Story 2.
Preface:  I remember with strange fondness the foul odor of a rotting fish in my backyard a week ago today.  That rotting fish was the inspiration for me to begin this blog.  Thank goodness for that fish. 

Swedish Fish to celebrate 1 week anniversary of this blog

I was returning home, about to drive up my driveway into the garage.  Except I couldn’t because there was a car parked horizontally, blocking most of my driveway. 

This was the last straw for me.  First the mysterious rotting fish in my backyard last week.  Now this?  I got out of the car, refused to take a deep breath and approached the neighbor’s house, pretty steamed.  I thought about Dale Carnegie’s Principle 10:  The only way to get the best of an argument is to avoid it.  (From How to Win Friends and Influence People) But that principle went out the window—because I was knocking at the neighbor’s door and I wasn’t leaving until I confronted the neighbors.

I had no idea what I was going to say and despite being steamed I knew I needed to use the Dale Carnegie principles.  Somehow I managed to come up with:

Hi—I’m your neighbor next door.  I’m afraid I’m not a very good driver and I don’t want to hit your car as I try to squeeze through up my driveway.  Is there anyway you could move the car?

They apologized profusely.  I said—oh no problem.  And I’m sorry to interrupt your Saturday night movie.  We ended up talking for a few minutes—catching up on each other’s lives—it turned out to be a very pleasant experience.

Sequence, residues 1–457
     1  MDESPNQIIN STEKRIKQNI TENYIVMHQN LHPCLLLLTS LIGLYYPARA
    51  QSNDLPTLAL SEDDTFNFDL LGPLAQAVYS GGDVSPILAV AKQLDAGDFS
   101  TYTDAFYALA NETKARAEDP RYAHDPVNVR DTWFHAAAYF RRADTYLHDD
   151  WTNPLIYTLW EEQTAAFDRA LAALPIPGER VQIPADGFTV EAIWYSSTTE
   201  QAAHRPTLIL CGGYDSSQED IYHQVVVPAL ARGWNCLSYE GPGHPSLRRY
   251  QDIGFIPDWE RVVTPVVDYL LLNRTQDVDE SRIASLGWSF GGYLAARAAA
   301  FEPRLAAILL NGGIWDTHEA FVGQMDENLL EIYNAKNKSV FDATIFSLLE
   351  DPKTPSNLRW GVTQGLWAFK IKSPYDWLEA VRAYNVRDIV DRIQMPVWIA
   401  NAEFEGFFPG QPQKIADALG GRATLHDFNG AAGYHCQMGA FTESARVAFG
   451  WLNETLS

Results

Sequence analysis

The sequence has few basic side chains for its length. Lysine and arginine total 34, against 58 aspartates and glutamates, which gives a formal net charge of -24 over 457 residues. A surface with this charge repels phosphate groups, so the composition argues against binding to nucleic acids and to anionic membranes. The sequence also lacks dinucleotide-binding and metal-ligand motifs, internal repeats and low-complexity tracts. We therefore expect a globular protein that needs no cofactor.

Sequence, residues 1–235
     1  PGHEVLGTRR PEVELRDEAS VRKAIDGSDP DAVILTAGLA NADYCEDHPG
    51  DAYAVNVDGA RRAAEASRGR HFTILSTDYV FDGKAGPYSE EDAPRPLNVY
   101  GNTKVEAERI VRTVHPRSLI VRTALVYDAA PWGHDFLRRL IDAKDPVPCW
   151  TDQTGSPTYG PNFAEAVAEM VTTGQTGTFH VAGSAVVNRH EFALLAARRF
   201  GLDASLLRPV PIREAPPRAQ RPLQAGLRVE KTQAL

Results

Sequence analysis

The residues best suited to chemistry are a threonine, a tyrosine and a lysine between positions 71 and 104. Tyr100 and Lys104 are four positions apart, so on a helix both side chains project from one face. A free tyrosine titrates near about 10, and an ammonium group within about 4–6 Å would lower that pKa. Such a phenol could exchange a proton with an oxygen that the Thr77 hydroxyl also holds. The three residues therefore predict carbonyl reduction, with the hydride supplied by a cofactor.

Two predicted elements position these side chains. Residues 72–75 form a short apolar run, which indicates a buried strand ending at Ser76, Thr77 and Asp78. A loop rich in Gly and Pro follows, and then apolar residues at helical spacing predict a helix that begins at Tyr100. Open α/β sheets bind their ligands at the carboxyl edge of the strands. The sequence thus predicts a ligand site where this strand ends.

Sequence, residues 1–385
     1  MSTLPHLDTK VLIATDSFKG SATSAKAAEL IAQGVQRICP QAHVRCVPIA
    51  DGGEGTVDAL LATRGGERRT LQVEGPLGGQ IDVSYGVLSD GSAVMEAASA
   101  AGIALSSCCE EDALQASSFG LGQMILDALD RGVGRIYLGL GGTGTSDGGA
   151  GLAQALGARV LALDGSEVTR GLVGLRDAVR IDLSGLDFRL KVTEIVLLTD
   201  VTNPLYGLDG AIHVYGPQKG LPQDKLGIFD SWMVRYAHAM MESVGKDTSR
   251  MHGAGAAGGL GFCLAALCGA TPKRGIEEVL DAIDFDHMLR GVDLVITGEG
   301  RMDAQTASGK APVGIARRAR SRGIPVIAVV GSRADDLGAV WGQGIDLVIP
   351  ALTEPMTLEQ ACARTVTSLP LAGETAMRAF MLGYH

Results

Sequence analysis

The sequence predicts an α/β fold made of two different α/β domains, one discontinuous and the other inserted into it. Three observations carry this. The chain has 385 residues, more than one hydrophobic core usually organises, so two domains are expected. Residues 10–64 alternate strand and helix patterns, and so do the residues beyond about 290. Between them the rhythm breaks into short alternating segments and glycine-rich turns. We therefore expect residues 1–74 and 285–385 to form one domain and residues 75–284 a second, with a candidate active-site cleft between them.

There are multiple principles I used from Dale Carnegie. 

From How to Win Friends and Influence People:
Principle 8.  Talk in terms of the other person’s interests. 
Principle 13.  Begin in a friendly way.
Principle 20.  Dramatize your ideas.

From How to Stop Worrying and Start Living:
Don’t worry about the past.

I began in a friendly way, dramatizing the idea that given my poor driving skills I will likely hit their car—so they probably want to move it out of harm’s way.  By having a friendly conversation—the moment was humanized—these are people just like me.  They have faces and names.  There was no need to worry about last week’s mysterious rotting fish that was at the side of my house.  It could have been anyone that tossed it into my yard.

So remember—if you find yourself in a position that you need to confront someone—take a deep breath, remember they are human and approach them in the same courteous way you would like to be treated.  Most people will respond in a reasonable way with this approach and you will avoid an unnecessary battle or feud.